You think Halloween is scary? Try Plagiarism for real terror. 10-27-03
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Weekly Editor's Letter:
This was Starr* Rathburn ‘s week to do the newsletter, but the ghosts, goulies, and goblins are still haunting her computer. She graciously allowed me to do it. Thank you so much, Starr* Rathburn .
When I learned of the honor given me, I quickly went to Google and typed in ‘Halloween.’ The Halloween Edition should be about the holiday, right? That's what I thought.
A thousand sites popped up, so I chose The History Channel. I like the History Channel and it was at the top of the list. I needed information on the Halloween holiday and I got it. So I wrote a great article on the origins, and the different ways it was celebrated around the world. For instance, I didn’t know that in Latin American countries, people gather at the grave sites of their relatives to picnic and reminisce, and they sometimes include tequila and a mariachi band. They know how to have fun.
YOU THINK HALLOWEEN IS SCARY? TRY PLAGIARISM FOR REAL TERROR!!
As I read my prepared article, the word, Plagiarism kept inserting itself into the sentences. I argued with it, explaining I had given the appropriate credit to the site, but it wouldn’t listen. It is the most insistent and aggravating word in a writer’s vocabulary, it must be listened to.
I looked the word up in the dictionary for the exact definition.
plagiarize (also plagiarise) >verb take (the work or idea of someone else) and pass it off as one's own.
-ORIGIN from Latin plagiarius 'kidnapper', from Greek plagion kidnapping'.
So, I’m sitting here thinking of kidnapping someone else’s ideas. I want to know how a writer or anyone for that matter, can not use another’s ideas. Everything we learn comes from someone else. Everything. I understand about using the exact words of another writer and saying you wrote it, but the idea? Who says more than one person can’t have the same idea? A copyright? No, it only documents which one got it copyrighted first.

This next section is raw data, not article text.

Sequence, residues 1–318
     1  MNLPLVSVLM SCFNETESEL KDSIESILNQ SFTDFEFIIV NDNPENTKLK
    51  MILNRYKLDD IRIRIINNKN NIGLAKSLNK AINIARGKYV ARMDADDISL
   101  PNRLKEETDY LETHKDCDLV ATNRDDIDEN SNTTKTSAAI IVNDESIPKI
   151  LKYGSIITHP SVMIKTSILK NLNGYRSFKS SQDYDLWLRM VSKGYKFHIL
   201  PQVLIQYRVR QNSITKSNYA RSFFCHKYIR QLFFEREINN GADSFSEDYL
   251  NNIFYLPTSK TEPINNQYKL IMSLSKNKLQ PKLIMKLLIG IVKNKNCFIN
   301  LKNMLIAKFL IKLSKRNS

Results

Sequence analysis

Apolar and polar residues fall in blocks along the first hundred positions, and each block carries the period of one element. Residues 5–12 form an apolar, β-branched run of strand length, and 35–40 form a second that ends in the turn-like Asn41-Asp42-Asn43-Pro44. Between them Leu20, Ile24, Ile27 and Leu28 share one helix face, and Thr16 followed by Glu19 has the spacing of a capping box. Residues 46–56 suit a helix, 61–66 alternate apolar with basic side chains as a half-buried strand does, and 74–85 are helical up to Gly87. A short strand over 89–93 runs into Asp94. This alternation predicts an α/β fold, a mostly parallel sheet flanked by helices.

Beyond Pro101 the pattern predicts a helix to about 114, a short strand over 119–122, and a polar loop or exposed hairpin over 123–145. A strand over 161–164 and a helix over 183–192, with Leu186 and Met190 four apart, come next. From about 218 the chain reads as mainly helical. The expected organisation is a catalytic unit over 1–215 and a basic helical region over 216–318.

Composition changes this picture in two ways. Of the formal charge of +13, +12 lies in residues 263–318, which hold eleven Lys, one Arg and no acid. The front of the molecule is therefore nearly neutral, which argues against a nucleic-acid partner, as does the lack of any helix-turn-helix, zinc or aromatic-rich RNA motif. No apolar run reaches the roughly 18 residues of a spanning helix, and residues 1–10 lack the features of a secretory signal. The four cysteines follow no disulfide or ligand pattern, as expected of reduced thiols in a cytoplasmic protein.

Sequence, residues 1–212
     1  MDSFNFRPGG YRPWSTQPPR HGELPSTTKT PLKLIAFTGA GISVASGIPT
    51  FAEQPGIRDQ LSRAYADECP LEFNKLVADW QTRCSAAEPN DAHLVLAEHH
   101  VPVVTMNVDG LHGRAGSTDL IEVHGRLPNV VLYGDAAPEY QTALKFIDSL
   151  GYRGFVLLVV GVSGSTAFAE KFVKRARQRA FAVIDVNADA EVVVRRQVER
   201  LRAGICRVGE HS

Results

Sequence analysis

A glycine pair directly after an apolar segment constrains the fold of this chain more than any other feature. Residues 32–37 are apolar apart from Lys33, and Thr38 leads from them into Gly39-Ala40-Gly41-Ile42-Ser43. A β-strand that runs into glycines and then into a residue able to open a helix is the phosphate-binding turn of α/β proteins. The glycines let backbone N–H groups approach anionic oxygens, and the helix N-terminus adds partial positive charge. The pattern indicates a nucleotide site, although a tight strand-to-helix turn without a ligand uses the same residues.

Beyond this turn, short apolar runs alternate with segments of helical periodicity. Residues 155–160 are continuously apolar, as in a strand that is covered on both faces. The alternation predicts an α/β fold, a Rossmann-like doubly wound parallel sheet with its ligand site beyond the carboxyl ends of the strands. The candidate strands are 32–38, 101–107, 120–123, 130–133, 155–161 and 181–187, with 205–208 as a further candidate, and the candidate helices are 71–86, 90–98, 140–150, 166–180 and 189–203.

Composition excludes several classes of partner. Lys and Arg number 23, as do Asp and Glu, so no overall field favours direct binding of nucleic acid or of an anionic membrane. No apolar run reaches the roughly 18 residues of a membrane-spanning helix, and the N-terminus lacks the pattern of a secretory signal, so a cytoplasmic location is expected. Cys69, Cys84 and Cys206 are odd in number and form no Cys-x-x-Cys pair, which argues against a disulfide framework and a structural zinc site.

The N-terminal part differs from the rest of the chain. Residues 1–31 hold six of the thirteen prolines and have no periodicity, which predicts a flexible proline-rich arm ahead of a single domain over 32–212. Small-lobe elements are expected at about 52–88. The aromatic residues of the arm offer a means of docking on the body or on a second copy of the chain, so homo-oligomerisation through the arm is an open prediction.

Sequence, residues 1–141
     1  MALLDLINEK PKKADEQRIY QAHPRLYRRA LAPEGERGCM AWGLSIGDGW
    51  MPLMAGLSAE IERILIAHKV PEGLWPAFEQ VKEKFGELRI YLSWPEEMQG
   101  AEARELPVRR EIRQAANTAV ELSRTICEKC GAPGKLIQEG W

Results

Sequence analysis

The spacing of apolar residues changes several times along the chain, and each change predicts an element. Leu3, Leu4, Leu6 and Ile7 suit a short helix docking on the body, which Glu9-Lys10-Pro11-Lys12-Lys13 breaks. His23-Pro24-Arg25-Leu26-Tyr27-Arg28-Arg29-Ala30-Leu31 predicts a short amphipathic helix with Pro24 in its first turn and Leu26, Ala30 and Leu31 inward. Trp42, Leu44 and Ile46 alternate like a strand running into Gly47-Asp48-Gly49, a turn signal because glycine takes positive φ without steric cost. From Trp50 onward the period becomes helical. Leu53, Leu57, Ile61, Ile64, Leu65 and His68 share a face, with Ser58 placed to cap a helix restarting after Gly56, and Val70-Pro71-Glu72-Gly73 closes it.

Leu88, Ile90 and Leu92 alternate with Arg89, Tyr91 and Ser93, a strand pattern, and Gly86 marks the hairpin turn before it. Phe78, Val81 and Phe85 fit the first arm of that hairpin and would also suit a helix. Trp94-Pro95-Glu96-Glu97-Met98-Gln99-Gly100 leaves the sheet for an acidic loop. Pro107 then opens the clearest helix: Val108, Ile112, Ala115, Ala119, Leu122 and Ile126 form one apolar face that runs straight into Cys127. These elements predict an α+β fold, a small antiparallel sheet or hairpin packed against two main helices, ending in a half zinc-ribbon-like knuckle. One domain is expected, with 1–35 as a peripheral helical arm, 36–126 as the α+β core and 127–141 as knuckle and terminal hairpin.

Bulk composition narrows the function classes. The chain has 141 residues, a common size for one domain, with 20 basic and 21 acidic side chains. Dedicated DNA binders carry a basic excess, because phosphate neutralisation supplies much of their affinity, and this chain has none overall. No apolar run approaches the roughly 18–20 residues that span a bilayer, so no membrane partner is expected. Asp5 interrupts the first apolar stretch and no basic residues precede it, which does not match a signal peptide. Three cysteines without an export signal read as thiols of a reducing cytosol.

As I looked through different sites for Halloween information, I ran across two or three articles on a subject I was considering. They were almost identical; different authors, different sites, same information - told the same way. They were on a myth that has been told for hundreds of years; are they plagiarizing? If someone (me) who was so graciously allowed to write a holiday newletter and was desperate for information, read everything she could find on the myth, and subsequently wrote an original article using the information, is that plagiarizing?
Who was the originator? No one has the answer.
I heard of an author that was accused of plagiarizing. He denied it until he was shown the work. It turned out that yes, he had read it years before and had honestly forgotten. The thoughts were in the sub-conscious and came out in his work years later. Was that plagiarizing? The court said yes.
A writer has to be very careful what he uses, and he also has to know where his ideas come from. It’s difficult to write a good story while worrying about whether it’s an original thought too. In my opinion, there are no original thoughts. Someone, somewhere and sometime, has already been there and said that.
I decided I would not do the Halloween article after all, it was just too frightening. So instead, I learned a little more about the terrifying subject of plagiarism. It makes me want to padlock my keyboard!
Happy Halloween and Keep writing.
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Edited by: esprit